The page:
You should all be able to explain every province: Plate Tectonics, Earth History
What will our hill do if it rains?
requires a little applied
physics. For example,
we will study mass
experimental determinations of
friction with rock and ice when
considering slope failure and
Chalkboard, resolve weight mg into components parallel and opposite Ff and N
• To keep the rock from sliding, Notice a is 90 - dip
• Chalkboard: right triangle,
the static friction force Ff must unit circle, sine and cosine
be greater than the opposing
component of gravity force
that is parallel to the slope.
• If the vertical makes an
angle a to the slope, then this
friction opposing force Fo is
• Fo = mg cos a a
• This is the friction force just before the rock slips
• If rain gets between the surfaces, or the rock moves
friction force Ff decreases
• If the vertical makes an
angle a to the slope, then this
friction opposing force Fo is
• Fo = mg cos a just before the
Notice a is 90 - dip
• Just before the rock moves,
all forces are in balance, so
Ff = - F0 = - mg cos a F0
= - mg cos(90 – dip)
= - mg sin (dip)
Earth material densities kg/m3
• Earth, dense 2002
• Earth, soft loose mud 1730
• Andesite, solid 2771
• Basalt, solid 3011
• Granite, solid 2691
• Dolomite, solid 2899
• Limestone, broken 1554
• Sandstone, solid 2323
• Slate, solid 2691
• Snow, freshly fallen 160
• Snow, compacted 481
• Ice, solid 919
• Water, pure 1000
• Water, sea 1026
These densities will allow you to calculate the weight, mg,
of a block of soil, rock or ice
1) Uniformitarianism ~ Gradualism dominates.
2) Orderly sequences are predominant.
3) Climate dominates structure.
4) Most landscapes are Quaternary i.e. surface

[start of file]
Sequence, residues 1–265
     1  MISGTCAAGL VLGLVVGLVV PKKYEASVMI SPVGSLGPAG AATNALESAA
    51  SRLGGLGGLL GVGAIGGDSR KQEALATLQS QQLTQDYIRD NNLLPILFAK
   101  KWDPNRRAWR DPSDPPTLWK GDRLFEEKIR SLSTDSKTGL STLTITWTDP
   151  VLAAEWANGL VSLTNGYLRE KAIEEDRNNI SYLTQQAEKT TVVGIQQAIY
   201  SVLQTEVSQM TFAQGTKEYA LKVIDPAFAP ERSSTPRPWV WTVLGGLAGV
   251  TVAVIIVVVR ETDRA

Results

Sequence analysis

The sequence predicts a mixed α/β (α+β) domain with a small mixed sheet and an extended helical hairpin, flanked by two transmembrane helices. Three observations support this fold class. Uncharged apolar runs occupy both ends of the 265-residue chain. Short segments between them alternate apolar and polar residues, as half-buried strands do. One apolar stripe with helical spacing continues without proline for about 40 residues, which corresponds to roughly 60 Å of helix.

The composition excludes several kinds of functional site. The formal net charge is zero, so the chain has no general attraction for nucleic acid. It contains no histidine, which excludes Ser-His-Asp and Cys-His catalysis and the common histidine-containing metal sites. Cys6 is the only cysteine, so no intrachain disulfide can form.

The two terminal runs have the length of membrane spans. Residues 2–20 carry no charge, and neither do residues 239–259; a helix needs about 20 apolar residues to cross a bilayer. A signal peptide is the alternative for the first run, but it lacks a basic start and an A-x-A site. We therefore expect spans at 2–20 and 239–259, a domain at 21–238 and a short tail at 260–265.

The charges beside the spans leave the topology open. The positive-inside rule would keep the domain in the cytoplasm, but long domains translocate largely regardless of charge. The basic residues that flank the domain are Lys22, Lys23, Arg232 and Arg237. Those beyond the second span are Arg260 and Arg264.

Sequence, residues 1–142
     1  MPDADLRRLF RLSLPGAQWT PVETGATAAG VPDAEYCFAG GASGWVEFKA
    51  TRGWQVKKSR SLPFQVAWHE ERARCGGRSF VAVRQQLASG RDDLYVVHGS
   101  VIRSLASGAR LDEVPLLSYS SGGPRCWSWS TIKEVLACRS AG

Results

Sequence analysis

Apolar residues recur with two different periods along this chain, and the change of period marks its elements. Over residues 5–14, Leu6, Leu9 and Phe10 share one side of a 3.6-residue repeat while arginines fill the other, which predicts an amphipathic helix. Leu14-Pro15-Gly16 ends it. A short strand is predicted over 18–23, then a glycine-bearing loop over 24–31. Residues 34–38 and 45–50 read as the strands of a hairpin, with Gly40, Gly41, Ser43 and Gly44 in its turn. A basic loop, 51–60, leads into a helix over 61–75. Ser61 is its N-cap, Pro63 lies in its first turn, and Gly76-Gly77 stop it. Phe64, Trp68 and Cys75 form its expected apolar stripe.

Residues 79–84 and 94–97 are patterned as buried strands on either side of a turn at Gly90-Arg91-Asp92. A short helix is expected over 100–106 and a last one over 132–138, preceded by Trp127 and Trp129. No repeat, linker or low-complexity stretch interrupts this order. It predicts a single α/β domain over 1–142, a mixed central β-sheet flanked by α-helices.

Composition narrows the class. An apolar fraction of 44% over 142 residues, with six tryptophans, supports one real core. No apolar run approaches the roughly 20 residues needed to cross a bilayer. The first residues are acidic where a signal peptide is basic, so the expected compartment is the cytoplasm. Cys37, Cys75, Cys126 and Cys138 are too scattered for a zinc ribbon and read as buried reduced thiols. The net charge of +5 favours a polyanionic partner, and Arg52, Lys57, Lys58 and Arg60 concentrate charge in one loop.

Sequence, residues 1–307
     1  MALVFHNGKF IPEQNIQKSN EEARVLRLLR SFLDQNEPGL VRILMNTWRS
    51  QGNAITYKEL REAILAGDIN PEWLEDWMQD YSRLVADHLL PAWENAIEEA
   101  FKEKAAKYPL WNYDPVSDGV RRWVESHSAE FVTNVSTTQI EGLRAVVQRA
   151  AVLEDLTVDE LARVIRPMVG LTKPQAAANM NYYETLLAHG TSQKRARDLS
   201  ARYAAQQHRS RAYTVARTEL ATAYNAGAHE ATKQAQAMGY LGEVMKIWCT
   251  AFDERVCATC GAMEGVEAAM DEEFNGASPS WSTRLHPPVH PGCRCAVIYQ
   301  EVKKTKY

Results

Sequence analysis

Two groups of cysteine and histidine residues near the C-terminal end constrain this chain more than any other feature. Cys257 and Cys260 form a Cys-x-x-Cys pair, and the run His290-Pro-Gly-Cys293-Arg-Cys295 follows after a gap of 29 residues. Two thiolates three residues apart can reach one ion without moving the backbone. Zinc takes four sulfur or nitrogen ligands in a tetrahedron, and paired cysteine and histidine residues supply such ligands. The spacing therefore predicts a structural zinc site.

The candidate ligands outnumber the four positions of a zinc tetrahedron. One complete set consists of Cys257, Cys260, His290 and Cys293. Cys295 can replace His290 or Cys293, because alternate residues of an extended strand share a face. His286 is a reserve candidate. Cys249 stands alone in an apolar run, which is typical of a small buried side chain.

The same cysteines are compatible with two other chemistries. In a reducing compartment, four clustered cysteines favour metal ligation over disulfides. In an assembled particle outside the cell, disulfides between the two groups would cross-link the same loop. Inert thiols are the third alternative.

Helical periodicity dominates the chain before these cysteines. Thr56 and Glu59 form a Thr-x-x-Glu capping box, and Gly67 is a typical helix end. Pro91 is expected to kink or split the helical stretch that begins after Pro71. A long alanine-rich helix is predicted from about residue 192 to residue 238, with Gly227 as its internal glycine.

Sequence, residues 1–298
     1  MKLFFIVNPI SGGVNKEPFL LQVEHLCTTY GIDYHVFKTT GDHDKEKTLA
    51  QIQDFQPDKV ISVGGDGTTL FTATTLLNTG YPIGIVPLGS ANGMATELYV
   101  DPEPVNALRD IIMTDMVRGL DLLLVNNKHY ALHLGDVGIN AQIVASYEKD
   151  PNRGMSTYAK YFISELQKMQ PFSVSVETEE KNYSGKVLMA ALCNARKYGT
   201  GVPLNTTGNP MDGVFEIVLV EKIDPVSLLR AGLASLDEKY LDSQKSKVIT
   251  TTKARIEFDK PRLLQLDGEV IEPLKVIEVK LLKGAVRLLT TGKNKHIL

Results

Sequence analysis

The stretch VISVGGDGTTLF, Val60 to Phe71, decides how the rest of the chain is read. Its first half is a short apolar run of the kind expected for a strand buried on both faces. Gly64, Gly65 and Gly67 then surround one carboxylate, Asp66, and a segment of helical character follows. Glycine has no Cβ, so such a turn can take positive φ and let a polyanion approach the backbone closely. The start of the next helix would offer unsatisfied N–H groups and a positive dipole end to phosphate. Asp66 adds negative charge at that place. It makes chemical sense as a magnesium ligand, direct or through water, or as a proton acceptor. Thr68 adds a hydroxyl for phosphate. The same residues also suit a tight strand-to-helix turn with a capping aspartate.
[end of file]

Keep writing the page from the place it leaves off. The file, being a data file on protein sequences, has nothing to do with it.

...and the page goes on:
shaping is fast.
5) There are simple explanations for most
Mass wasting, slope failure and
basal sliding from Ellesmere
• Earth scientists must be able to recognize
and interpret surface features using topo
maps and air and satellite photos. Before
you head to the field, you need to know
what to expect.
• You must be able to recognize
geomorphic features in map and side view
from your prospective field area, before
your field studies begin.
• We will improve your skills with these tools
in the laboratory portion of the course.
• For homework you will answer questions
from the lectures, labs, and workbooks,
and do calculations based on lecture and
• Homework is practice for the tests
• Again, your previous knowledge from
Geology 1200 is assumed for all tests. If
you hear something mentioned that you do
not recall, look it up immediately.
• For the project you
– briefly review two or more research papers
that suggest alternate explanations of a
geomorphic phenomenon. Provide copies
– identify testable consequences of each
– find a local example, visit it, observations and
measurements. Provide driving directions,
eyelevel photos of the feature, topo maps and
stereo aerial photos
– decide, using your observations, calculations
and/or experiments, which hypothesis is False
– make a poster for the poster sessions